Strategic questions: What licenses do you offer for user-submitted content? In which situations should media-generated content have Creative Commons or similar licenses that allow reuse and adaptation?

Overall questions on the Future of Media Strategic Framework: Where across the strategic framework are you currently playing (content/ formats/ revenue/ distribution)? How can you leverage your current presence into new domains? What partners or alliances do you need to generate the most value from your existing capabilities?

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Intellectual property and media
The Future of Media Strategic Framework is released under a Creative Commons Attribution-Share Alike 2.5 License. This means that while Future Exploration Network retains copyright you can use it – even for commercial purposes – as long as you attribute it to the creator. It also means, that if you think it should be different or want to improve on it, you can do so as long as you release it under the same license – feel free to do so! There are a plethora of dilemmas and thorny issues for media organizations to resolve in how they protect their own content, as well as license user-submitted content. Locking content down will in many cases prove to be less valuable than allowing it to be reused appropriately by other content creators. A living content landscape benefits content creators far more than a rigid world.

FIVE IDEAS TRANSFORMING MEDIA
Shifting
Media in every form will be shifted by users to suit them. For example, video-ondemand (or mobile video) is transforming the way people watch TV much in the same way that podcasting is changing the way that people listen to radio. Both put the audience squarely in charge of programming. In the future people will seek to watch, read and listen to what they want, when they want, on any device they want. Implications: Many media and content companies will continue to try to pin down usage with digital rights management, but imposing tight restrictions will be a losing battle. Content will increasingly be designed or edited for specific locations or situations. Opportunities: Providing people with the ability to transfer content from one device to another. For example, live news that can be transferred mid-stream from the TV to the car. Content created for specific occasions. Making shifting easier. Implications: There will be increased demand and availability of snacksized formats, and content that is available in a variety of sizes or lengths. Long copy journalism and rigorous analysis will become a specialist demand. Opportunities: Those that can provide snappy, entertaining, and high-value content at the right price will do very well. There will be an increasing premium on filtering for targetted audiences, highquality editing, and effective visual design of information. Implications: Many choices will be made by selecting tried and reliable sources. Yet there will also be opportunities for any new quality content to break in – there will be no cartel but a moving mosaic of older as well as newly established media brands. Opportunities: Anyone that can help people to filter the infinite supply to find the gems will do very well. Branding will be critical, yet new content brands will be able to be rapidly established. Implications: For mainstream media companies, acquisitions will often go further than innovation from within. Anthropological studies of how young people use media in their natural habitats will drive new products. Gen X management may play it safe until it’s too late. Opportunities: Gen Y co-created content and filtering. Providing platforms to build relationships and share content. Repurposing all content for delivery to mobile platforms. Implications: Consumers may respond aggressively to the commercial invasion of public and private spaces. Devices such as TV-BGone will be used to shut off or shut out clutter. Opportunities: Getting messages closer to consumers. For example, since 70-80% of purchasing decisions are made in-store, ads will be in shops and malls rather than on TV at home. Producers of quality video content will reap a bonanza.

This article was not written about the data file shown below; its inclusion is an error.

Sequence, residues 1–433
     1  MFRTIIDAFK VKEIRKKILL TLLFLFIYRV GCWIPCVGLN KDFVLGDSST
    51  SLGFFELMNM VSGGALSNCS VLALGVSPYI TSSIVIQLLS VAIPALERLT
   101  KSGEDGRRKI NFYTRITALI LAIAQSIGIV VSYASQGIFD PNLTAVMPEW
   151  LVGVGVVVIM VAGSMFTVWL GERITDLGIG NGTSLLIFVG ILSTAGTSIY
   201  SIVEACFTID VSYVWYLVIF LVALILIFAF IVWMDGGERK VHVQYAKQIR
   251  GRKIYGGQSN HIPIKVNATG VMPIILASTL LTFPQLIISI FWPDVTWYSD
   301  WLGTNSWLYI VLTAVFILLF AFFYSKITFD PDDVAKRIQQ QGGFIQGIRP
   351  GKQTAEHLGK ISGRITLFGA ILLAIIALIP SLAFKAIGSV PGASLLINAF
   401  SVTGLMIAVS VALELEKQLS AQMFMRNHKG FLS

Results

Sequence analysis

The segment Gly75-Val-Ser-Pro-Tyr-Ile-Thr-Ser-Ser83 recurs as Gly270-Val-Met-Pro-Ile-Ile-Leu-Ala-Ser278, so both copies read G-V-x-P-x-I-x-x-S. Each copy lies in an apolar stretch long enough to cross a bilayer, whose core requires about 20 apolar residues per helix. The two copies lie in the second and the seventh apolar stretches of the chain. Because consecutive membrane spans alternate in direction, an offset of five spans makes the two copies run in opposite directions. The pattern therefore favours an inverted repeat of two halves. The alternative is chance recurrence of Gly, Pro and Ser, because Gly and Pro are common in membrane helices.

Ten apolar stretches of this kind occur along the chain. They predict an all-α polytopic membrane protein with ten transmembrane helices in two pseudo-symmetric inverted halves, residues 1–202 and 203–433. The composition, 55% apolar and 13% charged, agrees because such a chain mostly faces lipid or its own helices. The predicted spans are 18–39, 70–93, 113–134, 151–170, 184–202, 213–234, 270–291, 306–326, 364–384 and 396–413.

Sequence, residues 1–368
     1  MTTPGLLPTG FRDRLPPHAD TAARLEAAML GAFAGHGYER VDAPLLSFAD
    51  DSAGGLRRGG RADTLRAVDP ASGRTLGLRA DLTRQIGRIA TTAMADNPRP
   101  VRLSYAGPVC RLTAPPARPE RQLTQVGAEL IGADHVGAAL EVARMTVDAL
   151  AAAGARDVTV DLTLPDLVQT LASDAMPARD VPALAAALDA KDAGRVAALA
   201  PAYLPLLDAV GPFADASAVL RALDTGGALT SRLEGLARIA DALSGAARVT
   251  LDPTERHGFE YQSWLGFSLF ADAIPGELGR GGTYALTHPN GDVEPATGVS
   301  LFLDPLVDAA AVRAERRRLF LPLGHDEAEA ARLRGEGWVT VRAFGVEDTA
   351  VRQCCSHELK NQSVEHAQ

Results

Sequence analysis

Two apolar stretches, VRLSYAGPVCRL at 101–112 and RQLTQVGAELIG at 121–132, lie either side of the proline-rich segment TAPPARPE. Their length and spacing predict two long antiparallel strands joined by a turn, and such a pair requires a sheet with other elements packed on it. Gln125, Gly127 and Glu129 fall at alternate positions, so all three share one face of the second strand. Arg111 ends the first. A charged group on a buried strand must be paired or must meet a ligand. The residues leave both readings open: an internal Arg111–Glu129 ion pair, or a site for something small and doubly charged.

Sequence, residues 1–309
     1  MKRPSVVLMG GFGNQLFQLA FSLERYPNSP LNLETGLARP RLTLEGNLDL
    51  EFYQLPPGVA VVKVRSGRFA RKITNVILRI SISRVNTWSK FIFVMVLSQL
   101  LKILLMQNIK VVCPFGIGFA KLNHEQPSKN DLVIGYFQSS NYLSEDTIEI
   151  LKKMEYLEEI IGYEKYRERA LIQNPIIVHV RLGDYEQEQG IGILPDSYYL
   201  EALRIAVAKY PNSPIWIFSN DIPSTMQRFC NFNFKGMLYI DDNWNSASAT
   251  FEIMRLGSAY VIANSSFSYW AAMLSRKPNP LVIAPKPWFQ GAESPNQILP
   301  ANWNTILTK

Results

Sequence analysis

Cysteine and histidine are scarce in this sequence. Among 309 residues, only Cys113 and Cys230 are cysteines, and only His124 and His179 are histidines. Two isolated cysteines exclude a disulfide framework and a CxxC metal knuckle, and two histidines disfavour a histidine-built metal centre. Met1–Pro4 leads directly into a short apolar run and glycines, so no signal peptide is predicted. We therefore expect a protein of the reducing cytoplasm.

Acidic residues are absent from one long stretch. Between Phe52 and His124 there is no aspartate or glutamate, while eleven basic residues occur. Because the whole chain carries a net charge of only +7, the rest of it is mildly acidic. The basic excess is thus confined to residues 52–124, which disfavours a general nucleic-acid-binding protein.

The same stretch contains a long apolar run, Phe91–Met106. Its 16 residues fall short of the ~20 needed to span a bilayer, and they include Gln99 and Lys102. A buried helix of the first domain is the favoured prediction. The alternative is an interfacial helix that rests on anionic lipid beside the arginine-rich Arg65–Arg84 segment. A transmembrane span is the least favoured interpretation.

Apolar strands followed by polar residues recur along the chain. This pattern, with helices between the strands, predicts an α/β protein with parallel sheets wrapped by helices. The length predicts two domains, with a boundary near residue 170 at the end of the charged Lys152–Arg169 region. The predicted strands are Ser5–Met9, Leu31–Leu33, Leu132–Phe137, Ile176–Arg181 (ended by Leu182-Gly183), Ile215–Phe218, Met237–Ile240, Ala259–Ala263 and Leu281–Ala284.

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Time compression
One of the most powerful trends today is that people are busier and have less time. They are increasingly stressed and sleep deprived. If you want to connect with people you need to make it easy and make it fast. This does not necessarily mean the death of the two-hour movie or the 120-page magazine, but it will have to be good.

Infinite content
The supply of content will become effectively infinite. The “million channel universe” will include not just traditional media delivery and the Internet, but also a whole set of new devices and delivery platforms. Production tools in the hands of the masses will tap new talent – and lack of talent. It will be increasingly challenging to attract audiences’ attention and build brand loyalty against infinite choice.

Generational change